Money Heist’s ‘Bella Ciao’ Has Roots in Latin America as an Anthem of Resistance, Here’s Where the Song Comes From
Mexican-American pop star Becky G made heads turn earlier this month with her remake of the single “Bella Ciao” in anticipation of the final episodes of the hit Netflix series “Money Heist,” or “Casa de Papel.” It’s the latest in a series of unique collaborations that keep us wanting more music from Becky G.
By breaking down cultural barriers, Becky G’s new remix adds to the history of a song that’s been an anthem of resistance for decades.
“Bella Ciao” From Italy to Spain to South America
While most of us probably first heard “Bella Ciao” for the first time when the professor and Berlin sang it together in the first season of “Money Heist,” the song has a long history in Europe and throughout Latin America as an anthem of resistance.
The exact origins of the song are unknown. It became most popular before World War II when it was sung by the Italian anti-fascist resistance while they were fighting against Italian dictator Benito Mussolini and later on the Nazi occupation. It was reportedly brought to Spain by Italian soldiers who joined the International Brigades to fight against Spanish dictator Francisco Franco in the Spanish Civil War.
This history can still be heard today when Becky G sings “E ho trovato l’invasor” which translates to “I’ve discovered the invader” or “E se io muoio da partigiano” which translates to “If I die as a partisan” or “O partigiano,” “Take me with you.” This is because members of the anti-fascist resistance were called partisans.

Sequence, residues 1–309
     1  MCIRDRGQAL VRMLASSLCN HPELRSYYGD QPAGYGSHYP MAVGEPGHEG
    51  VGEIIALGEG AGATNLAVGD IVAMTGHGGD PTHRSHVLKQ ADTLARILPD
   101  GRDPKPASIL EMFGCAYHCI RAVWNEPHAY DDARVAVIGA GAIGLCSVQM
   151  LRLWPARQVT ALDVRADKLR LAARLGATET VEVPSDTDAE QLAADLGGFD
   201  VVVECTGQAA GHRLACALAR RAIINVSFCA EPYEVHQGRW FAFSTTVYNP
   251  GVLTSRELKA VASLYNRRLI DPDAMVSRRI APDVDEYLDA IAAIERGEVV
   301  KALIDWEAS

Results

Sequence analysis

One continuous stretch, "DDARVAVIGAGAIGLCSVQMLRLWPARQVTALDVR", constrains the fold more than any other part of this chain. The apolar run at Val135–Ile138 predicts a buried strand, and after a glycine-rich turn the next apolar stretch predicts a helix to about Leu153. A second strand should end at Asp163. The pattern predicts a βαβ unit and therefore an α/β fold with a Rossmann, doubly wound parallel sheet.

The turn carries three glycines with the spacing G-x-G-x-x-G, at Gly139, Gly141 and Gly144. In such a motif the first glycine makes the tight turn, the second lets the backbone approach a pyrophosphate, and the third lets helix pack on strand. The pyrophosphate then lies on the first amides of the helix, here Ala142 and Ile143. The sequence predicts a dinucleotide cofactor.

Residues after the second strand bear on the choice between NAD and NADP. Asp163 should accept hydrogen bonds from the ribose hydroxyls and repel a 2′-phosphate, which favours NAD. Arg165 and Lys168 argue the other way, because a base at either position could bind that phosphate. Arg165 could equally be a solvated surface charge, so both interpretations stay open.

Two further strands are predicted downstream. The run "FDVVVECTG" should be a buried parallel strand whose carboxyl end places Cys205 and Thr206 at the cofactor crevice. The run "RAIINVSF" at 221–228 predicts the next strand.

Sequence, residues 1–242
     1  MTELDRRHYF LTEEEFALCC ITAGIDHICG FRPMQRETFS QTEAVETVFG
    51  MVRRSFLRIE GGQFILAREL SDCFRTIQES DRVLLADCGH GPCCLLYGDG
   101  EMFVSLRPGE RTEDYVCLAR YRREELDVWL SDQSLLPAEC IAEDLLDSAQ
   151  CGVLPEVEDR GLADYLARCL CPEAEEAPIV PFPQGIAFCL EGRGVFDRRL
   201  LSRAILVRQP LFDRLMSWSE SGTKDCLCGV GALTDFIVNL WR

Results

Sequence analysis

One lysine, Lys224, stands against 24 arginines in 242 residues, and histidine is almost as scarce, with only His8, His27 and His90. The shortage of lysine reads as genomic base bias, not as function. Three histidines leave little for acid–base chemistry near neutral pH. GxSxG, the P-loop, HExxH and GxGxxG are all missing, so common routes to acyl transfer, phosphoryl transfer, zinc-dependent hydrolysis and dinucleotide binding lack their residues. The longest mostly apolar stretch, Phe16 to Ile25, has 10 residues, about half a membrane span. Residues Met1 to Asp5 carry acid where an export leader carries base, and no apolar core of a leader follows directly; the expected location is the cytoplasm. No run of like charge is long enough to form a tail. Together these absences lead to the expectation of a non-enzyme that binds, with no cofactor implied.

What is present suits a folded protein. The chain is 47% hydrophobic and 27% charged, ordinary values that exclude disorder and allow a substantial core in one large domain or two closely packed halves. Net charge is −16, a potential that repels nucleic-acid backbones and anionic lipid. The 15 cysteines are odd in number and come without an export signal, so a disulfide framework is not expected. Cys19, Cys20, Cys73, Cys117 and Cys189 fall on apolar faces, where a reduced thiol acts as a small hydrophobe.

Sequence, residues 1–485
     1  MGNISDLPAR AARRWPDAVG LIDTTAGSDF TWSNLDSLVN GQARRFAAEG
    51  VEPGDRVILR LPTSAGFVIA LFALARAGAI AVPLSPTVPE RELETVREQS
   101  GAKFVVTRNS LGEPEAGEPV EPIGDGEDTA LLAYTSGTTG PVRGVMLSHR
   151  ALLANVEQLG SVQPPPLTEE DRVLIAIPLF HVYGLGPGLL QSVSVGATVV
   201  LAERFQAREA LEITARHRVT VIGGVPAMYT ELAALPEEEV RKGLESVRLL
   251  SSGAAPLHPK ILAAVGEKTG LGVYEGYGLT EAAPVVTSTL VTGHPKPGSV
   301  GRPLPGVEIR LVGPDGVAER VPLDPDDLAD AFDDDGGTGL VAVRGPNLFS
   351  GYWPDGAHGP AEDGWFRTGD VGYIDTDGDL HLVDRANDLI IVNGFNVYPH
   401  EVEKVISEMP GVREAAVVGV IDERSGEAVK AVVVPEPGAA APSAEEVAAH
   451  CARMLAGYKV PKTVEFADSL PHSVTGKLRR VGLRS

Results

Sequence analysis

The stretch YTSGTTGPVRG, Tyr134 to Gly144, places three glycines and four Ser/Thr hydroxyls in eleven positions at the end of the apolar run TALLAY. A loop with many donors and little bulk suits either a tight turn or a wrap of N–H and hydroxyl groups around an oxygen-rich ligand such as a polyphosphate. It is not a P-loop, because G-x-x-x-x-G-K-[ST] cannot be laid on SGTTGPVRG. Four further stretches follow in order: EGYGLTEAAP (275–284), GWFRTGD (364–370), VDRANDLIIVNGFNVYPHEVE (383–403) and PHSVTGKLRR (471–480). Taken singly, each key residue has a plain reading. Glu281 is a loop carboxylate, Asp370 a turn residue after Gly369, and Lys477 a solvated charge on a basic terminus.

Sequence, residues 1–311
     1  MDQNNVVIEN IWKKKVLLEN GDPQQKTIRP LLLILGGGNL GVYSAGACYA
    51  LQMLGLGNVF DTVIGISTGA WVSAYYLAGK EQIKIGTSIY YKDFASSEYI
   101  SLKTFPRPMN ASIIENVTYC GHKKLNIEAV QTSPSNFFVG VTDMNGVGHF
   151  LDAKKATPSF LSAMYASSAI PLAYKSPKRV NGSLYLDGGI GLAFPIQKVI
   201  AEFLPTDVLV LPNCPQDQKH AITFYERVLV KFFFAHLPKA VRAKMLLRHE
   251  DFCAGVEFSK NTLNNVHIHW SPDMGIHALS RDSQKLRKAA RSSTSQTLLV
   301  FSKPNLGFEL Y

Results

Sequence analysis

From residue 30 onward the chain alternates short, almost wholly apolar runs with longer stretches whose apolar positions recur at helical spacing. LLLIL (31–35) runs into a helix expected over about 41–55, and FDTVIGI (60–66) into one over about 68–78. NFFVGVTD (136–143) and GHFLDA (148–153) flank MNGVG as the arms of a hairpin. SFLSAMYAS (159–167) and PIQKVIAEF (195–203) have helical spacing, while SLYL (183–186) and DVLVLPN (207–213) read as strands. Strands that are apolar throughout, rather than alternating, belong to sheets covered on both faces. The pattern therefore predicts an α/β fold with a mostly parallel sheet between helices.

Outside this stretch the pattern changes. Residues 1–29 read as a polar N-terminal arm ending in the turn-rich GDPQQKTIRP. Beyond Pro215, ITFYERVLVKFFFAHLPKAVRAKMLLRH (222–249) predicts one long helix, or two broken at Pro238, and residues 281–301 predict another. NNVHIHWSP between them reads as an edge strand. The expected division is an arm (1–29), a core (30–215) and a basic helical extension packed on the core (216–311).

The song eventually ended up crossing the Atlantic Ocean after the war, becoming popular among activists in Latin America who were fighting against inequality and for freedom in the region. In 1973 after the U.S.-backed coup in Chile that installed Augusto Pinochet’s military dictatorship, the song became an anthem of the resistance in Chile. The Chilean folk band Quilapayún famously included “Bella Ciao” in their album “Basta” just before the coup limited freedom of expression in the country.
Becky G Brings “Bella Ciao” to Latin America
Becky G puts a new spin on the history of resistance behind “Bella Ciao” by breaking down cultural barriers and mixing Spanglish with Italian to create a resistance anthem that we can actually dance to. She shows that unique cultural and semantic dynamic where we can bridge the gaps between the United States, Europe, and Latin America without losing touch with our roots.
Becky G’s remix of “Bella Ciao” is the anthem to the resistance of daily life that keeps us going at school and work.
It’s the soundtrack to finally getting around to that new hobby or getting one step closer to your career goals. At a time when Latinos are amplifying culture, “Bella Ciao” is the song we need to stay woke and keep up the resistance.